Freda Utley, 79, author, lecturer and former foreign correspondent in Europe and Asia, died of a stroke Saturday at Georgetown University.
Her last book, published in 1970, was an autobiography, "Odyssey of a Liberal." Although she was no longer considered a liberal by others at that time, she insisted:
"I'm a liberal in the original sense. I was a liberal when it meant freedom from tryanny and reform. A liberal today means you want all power to go to the state." A present-day liberal she added, was "an intellectual educated beyond his experience."
Mrs. Utley was a former communist who became a staunch foe of communism. She warned of its dangers in Europe and in the Far East.
She traveled widely during her lifetime and numbered many of the famous among her acquaintances.
Born in London, Mrs. Utley was a graduate of London University and had been a research fellow at the London School of Economics.
She was a correspondent for the Manchester Guardian in Japan in 1926-28. She also became a member of the British Communist Party.
Mrs. Utley married a Russian citizen Arcadi Berdichevsky, and lived in Moscow in 1930-36. While there, she was a senior scientific worker at the Institute of World Economy and Politics, Academy of Sciences.
She became disillusioned with communism when her husband was arrested and exiled to Siberia, where he later died. Of Russia she wrote, "The Dream We Lost."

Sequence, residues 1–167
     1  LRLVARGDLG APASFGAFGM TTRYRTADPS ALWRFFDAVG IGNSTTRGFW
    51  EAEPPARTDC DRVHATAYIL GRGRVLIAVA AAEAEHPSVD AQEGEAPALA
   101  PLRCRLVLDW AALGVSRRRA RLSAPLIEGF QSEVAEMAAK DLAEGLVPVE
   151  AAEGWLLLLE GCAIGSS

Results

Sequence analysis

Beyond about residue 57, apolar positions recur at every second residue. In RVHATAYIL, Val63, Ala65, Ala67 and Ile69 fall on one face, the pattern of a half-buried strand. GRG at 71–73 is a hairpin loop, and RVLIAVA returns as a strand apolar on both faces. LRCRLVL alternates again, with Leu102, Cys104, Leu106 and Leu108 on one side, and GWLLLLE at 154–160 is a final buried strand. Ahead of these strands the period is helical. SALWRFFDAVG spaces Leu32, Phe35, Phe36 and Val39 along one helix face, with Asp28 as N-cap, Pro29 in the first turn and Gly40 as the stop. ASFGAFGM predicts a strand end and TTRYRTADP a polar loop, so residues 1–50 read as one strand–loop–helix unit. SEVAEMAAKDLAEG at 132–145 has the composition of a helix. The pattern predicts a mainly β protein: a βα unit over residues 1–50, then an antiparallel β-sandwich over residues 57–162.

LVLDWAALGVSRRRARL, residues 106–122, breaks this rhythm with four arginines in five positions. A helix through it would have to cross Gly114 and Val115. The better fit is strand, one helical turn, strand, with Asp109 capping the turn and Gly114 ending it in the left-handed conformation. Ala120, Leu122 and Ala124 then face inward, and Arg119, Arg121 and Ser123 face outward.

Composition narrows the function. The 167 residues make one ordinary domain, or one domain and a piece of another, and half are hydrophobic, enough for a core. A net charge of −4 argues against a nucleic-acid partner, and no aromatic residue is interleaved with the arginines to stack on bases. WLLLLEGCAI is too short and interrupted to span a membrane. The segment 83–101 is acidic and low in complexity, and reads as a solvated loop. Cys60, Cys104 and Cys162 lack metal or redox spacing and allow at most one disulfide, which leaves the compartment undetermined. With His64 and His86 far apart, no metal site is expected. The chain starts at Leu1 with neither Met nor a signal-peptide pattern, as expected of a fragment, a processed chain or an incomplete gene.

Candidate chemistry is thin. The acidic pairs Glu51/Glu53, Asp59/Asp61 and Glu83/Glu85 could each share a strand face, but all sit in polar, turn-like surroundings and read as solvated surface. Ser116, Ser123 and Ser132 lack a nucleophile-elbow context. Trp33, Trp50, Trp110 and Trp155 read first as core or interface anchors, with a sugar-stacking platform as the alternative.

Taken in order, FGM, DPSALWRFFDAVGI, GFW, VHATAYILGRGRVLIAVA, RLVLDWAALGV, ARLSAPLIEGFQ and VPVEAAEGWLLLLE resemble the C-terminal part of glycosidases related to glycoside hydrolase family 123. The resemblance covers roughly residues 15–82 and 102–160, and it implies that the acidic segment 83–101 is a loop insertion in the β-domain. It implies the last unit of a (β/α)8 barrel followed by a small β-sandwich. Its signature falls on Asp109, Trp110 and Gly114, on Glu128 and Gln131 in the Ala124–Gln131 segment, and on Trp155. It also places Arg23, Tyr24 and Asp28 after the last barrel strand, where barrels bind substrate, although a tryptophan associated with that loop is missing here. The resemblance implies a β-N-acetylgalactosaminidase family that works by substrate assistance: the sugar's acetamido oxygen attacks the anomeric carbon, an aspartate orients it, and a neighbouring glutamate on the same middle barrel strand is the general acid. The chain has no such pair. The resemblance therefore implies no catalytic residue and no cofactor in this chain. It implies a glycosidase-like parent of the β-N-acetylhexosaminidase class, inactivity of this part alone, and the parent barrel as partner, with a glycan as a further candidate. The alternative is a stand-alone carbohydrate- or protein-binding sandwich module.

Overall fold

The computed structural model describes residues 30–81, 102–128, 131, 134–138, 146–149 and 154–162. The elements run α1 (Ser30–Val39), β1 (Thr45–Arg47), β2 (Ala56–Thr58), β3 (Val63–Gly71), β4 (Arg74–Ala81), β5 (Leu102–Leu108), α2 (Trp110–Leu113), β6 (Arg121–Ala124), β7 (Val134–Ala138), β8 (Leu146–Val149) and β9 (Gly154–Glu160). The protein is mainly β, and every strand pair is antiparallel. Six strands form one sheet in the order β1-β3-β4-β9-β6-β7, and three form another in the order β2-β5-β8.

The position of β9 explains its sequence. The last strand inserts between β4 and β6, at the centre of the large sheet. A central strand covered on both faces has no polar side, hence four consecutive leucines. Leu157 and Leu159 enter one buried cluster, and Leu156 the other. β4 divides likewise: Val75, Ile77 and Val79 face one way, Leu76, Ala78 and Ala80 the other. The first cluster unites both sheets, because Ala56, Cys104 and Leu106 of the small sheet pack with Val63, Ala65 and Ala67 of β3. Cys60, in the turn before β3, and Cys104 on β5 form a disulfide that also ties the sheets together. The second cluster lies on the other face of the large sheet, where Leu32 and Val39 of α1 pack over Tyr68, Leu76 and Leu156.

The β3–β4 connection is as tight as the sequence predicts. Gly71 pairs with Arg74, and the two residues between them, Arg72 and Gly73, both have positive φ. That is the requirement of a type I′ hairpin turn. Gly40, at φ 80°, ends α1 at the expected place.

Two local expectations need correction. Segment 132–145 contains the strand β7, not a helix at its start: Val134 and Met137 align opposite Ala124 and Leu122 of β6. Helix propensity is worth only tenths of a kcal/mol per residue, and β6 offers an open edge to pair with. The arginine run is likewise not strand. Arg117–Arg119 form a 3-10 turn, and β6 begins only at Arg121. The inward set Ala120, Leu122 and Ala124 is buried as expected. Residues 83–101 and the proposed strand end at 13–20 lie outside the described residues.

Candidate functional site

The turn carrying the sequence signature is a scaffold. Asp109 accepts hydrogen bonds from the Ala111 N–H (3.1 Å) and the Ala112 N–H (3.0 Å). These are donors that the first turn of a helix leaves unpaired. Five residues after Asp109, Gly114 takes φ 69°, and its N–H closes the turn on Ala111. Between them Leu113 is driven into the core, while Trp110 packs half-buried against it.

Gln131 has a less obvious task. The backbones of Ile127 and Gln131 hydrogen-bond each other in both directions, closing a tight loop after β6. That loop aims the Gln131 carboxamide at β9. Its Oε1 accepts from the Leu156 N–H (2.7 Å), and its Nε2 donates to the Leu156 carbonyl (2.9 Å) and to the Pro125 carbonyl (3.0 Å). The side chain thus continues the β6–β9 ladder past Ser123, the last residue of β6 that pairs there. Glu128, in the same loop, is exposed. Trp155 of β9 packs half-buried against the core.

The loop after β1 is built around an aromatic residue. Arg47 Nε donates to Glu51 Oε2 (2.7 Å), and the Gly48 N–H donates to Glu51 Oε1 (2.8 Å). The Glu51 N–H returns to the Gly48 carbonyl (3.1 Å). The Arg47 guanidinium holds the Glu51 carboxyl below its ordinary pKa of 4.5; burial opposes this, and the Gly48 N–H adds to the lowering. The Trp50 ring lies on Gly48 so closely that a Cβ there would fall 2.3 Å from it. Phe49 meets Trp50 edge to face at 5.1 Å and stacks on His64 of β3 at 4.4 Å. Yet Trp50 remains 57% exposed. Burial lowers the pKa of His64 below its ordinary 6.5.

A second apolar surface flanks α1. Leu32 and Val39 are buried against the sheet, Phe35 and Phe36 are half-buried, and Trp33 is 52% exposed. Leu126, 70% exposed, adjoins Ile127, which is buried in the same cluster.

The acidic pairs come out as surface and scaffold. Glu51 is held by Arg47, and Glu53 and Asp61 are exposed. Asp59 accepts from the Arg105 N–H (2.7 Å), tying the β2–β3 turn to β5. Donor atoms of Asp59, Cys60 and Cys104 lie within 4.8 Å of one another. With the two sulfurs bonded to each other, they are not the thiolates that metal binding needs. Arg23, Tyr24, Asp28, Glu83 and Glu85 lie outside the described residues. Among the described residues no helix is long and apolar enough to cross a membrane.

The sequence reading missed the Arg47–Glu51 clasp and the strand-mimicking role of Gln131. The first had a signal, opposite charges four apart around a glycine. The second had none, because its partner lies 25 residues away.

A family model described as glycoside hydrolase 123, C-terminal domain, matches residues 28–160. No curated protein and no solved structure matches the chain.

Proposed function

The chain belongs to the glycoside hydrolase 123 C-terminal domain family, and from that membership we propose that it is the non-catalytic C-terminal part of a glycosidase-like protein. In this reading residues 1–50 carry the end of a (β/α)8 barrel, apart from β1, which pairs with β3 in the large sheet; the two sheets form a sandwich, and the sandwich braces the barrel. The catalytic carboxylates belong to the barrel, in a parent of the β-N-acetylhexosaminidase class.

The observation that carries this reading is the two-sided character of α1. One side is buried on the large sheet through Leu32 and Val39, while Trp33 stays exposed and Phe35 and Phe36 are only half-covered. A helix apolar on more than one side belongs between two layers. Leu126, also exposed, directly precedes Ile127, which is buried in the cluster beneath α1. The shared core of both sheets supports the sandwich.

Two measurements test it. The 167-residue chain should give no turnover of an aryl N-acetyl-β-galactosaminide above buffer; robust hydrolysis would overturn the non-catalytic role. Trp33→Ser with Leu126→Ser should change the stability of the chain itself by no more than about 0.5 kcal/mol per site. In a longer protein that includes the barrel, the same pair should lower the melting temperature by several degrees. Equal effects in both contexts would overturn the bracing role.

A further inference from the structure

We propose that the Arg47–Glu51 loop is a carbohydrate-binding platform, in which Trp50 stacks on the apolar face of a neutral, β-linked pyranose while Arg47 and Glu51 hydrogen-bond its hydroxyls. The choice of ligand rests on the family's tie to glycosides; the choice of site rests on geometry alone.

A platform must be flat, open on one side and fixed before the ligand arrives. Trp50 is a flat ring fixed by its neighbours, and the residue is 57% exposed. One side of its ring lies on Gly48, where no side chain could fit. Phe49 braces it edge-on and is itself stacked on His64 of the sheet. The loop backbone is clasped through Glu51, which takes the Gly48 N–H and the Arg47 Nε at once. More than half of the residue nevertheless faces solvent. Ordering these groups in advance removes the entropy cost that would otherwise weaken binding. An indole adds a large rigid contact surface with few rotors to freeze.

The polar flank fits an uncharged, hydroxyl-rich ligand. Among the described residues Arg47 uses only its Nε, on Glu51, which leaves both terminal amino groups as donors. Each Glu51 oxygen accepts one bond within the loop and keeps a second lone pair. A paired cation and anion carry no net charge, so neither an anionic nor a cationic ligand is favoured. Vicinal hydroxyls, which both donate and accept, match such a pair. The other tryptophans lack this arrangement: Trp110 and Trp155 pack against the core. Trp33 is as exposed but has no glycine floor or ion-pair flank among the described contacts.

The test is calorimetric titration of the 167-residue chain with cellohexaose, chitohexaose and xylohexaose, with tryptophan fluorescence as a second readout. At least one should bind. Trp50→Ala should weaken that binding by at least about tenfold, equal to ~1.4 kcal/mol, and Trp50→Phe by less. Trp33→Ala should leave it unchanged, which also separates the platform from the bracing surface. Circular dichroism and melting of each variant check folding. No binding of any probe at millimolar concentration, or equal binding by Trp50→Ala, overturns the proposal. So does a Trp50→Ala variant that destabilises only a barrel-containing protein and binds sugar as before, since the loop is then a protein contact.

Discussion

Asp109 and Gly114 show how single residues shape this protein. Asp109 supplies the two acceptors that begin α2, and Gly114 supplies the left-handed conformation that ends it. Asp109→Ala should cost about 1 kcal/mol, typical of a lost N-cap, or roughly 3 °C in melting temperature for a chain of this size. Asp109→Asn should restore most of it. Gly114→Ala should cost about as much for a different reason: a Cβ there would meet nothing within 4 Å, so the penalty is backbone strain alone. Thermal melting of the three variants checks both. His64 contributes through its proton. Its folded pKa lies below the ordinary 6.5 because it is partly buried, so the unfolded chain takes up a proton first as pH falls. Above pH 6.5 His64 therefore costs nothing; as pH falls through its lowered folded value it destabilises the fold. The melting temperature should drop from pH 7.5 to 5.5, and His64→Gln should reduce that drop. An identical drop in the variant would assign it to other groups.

Mrs. Utley returned to England with her young son, Jon Basil. She then was assigned to China as a war correspondent for the London News Chronicle.
In 1939, she came to this country where she was active in the America First movement. From 1940 to 1945, she was an economic advisor to Starr, Park and Freeman, Inc., in New York, which became the international insurance organization, the American international Group.
Mrs. Utley was a correspondent for the Reader's Digest in China in 1945-46. Her book, "Last Chance in China," warned of a communist takeover. She worked in Germany for the Reader's Digest in 1948 and wrote "The High Cost of Vengeance" on Allied occupation policies.
From 1941 to 1947, Mrs. Utley was a member of the advisory council of the department of politics at Princeton University.
Mrs. Utley, who became an American citizen in 1950, testified at the McCarthy hearings on communist influence over America's Far East politics in the early 1950s.
She wrote other books, "The China Story," and "Will the Middle East Go West," a book warning of Arab resentment against this country because of its treatment favoring Israel.
Her earlier books also included "Japan's Feet of Clay," "Japan's Gamble in China," "China at War" and "Lost Illusion."
In addition to her son, Jon Basil Utley, of Washington, she is survived by two grandchildren.